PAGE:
setup 181114: Paul Levitz was a perfectly adequate editor in his own right, but I think it may have been DC’s policy that writers not edit their own work. I don’t know. At any rate the Legion at that time was edited by Karen Berger, to whom I addressed the following remarks. Nevertheless, Levitz himself handled the “Letters to the Editor” column because, well, I suspect because he liked to.
Herewith are my remarks from 1984 regarding Levitz’ and his collaborators’ super-heroic confabulation, The Legion of Super-Heroes, and in particular, their character, Dream Girl.
Brilliant. Just brilliant. I couldn’t have said it better myself. In LSH vol 2 number 310, Nura Nal coins her own best epitaph (and I hope she never needs it as such.)
Preparing for an action which, at best, will neatly suck Omen out of her universe and, at worst, kill her, her compatriots, and possibly all of Khundia, she succinctly sums up her existence and completely crystallizes her character.
“It’s been a fun life.”
Not, “It’s been a useful life,” nor “…a productive life,” nor “…a meaningful life,” nor any other of the abundant clichés of individual subordination. “It’s been a fun life.” Nura knows. I know. Paul Levitz apparently knows. (Whether or not he believes it himself. Steve Ditko obviously knows — see AVENGiNG WORLD.) If human existence has any purpose at all, it is the pursuit of pleasure. Whether we derive pleasure from a job well done, from helping others, or from helping ourselves, fundamentally we’re in the game for number one. It’s the human thing, we must depend first on ourselves for our own happiness. Aside from contractual obligations, nobody owes us anything, and we owe nobody our lives. Not our church, not our party, not our race, nor tribe, nor “society,” and certainly not the state.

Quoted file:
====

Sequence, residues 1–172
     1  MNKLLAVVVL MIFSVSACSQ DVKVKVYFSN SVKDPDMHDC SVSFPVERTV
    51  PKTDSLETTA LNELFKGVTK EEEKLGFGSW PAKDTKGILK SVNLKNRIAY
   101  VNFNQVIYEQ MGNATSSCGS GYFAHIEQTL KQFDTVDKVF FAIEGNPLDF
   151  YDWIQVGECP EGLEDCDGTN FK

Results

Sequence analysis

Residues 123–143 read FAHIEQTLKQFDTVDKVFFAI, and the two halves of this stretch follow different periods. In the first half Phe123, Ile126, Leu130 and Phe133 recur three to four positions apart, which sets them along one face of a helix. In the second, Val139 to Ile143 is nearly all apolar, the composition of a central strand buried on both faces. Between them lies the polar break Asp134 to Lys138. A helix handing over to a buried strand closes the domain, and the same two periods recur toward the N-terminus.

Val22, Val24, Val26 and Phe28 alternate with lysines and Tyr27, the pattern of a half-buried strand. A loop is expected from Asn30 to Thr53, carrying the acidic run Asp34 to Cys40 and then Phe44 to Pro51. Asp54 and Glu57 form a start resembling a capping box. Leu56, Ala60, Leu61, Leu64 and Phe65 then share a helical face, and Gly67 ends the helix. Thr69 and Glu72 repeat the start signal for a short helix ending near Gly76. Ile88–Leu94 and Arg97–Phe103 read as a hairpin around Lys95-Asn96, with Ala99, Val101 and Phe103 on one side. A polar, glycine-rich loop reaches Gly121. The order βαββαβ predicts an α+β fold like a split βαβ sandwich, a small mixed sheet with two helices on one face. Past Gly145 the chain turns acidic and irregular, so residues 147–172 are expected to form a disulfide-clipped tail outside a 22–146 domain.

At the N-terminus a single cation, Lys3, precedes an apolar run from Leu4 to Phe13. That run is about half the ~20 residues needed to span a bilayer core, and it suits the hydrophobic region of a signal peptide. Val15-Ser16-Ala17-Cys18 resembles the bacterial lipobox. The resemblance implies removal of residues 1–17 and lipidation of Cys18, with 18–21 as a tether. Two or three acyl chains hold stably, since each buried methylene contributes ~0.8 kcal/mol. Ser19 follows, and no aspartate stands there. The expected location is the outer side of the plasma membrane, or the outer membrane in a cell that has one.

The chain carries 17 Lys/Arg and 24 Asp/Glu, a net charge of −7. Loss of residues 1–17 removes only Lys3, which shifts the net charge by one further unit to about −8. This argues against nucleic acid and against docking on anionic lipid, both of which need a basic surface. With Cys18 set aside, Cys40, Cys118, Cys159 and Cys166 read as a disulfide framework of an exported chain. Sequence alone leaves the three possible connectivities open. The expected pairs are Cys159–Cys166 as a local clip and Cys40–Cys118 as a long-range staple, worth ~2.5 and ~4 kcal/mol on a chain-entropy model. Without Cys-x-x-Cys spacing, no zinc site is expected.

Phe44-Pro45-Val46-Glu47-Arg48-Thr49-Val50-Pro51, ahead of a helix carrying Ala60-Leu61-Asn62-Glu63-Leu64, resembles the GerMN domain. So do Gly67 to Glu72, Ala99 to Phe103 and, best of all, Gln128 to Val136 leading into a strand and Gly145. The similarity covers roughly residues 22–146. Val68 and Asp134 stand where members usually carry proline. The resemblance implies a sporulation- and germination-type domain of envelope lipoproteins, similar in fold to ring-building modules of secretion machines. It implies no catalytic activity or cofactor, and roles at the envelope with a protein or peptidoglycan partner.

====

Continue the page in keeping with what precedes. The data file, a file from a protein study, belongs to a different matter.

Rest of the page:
Thank you Nura. Thank you Paul. Keep up the good word.
“Whew! One of the best parts of writing the Legion is seeing what depths of character readers can analyze out of brief sentences. While we’d agree with your analysis (largely) with respect to Nura, Lawrence, we’d hate to be accused of believing as our various characters do. — pl.”
update 181114: I don’t condemn Levitz’ hesitation to commit to radical individualism; Nura Nal and Steve Ditko and I represent the narrow end of that particular bell curve and I know how awkward it gets out here.
In spite of that, Paul Levitz remains a great personal hero of mine. In the mid to late 1970s he and Neal Adams led the charge to help Jerry Seigel and Joe Shuster reclaim their interests in Superman. Going up for decades against the metastasizing goliath that had become Warner Communications, Seigel and Shuster had all but given up hope.
Adams gets a great deal of the credit for their eventual triumph, and he deserves it, but people often neglect this very impressive difference. At the time Neal Adams was a powerhouse in the industry. Just about every publisher in town was courting him and he was writing his own golden ticket. To speak of Adams as Adams himself might, “The son of a bitch carried some goddamned weight and the corporate suits dared not fuck with him.” If Warner held a grudge Adams could stroll across the street.
Paul Levitz, however, carried no such weight. He was admittedly a tyro writer and a rising star with an MBA on the way and Earth-Two’s Bat-Daughter in his portfolio, but still, he knew the history of DC AND Donenfeld’s toxic legacy. He knew what had happened to writers before him who had pushed too hard.
He pushed anyway.
For the Fathers of the Man of Steel, he couldn’t not push.
Paul Levitz and Neal Adams may disagree with me on matters of art or food or politics, but I still hold them both in the highest of esteem,
both as artists, and as men.
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